View of Parramatta from near Rose Hill, April 1793
Fernando Brambilla (1763-1834)
Pen, ink and grey wash
BL.K. Top 124 (supplement), 44                                                                                                                 British Library, London

On 5 April 1793 Don Luis Neé, botanist on board Atrevida, went by boat along the Parramatta River and reported at length on the buildings, orchards, gardens, soil and natural vegetation he saw.

On the way he jumped ashore at Kissing Point (now Putney) where, he said, the ‘industrial colonists’ were growing maize, ‘and every kind of greens and vegetable, such as kidney beans, peas, cabbages, lettuces, endives, melons, potatoes, turnips’.

‘I had hardly touched ground when I found two tetragonias and various other oraches, all edible, as I pointed out to the colonists’. These Indigenous plants are related to Warrigal greens (Tetragonis expansa), at first called ‘Botany Bay Greens’ or ‘New Zealand Spinach,’ which still grow in the area where Bennelong is buried.

Each house in the one-street township of Parramatta pictured by Brambilla, had a garden, where cabbages, pumpkins, turnips and potatoes were raised. ‘They also cultivate tomatoes’, wrote Neé in his diary.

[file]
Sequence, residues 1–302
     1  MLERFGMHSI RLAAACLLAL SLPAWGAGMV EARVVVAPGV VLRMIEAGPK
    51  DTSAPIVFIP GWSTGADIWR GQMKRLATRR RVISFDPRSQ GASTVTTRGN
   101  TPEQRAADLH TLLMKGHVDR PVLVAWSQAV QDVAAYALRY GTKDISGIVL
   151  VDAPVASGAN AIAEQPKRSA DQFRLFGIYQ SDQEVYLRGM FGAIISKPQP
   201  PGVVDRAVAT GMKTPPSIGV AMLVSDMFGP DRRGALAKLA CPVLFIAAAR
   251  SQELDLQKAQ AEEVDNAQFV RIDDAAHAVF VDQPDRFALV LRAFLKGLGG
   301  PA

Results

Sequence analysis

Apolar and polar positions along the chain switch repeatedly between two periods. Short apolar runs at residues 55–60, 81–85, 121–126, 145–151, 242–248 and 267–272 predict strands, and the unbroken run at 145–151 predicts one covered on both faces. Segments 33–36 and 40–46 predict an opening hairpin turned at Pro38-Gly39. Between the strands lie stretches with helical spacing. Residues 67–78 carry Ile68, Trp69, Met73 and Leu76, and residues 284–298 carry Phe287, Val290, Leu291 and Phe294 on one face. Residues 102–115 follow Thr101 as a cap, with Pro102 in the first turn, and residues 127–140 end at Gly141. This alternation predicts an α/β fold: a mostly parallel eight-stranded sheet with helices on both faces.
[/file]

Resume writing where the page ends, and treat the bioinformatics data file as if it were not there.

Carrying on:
On 6 April 1793 José de Bustamate Y Guerra and other Spanish officers, with David Collins, Surgeon John White, Captain George Johnston and Lieutenant Prentice were rowed up the river in two ship’s boats to Parramatta. They reached the ‘New Grounds’ or Toongabbie. Malaspina was told the name meant ‘place of handing over,’ while the botanist Thaddáus Haenke, who corresponded with Joseph Banks, recorded its Aboriginal placename as Thungabe. In 1808 mariner Nicolas Pateshall wrote it as Toon-gabbe.

Borador del Dibujo de Baia Botanica, 1793
[Outline of the sketch of Botany Bay]
Juan Ravenet (1766-1821)
Cat 747 Museo Naval, Madrid

When Descubierta’s tender was sent from Port Jackson to Kamay (Botany Bay) to take soundings to establish the astronomical location of Sydney Cove, Ravenet seized the opportunity, trekking overland, wrote David Collins ‘in order to have a better chance of finding some natives and to draw them with their weapons and in their native dress.’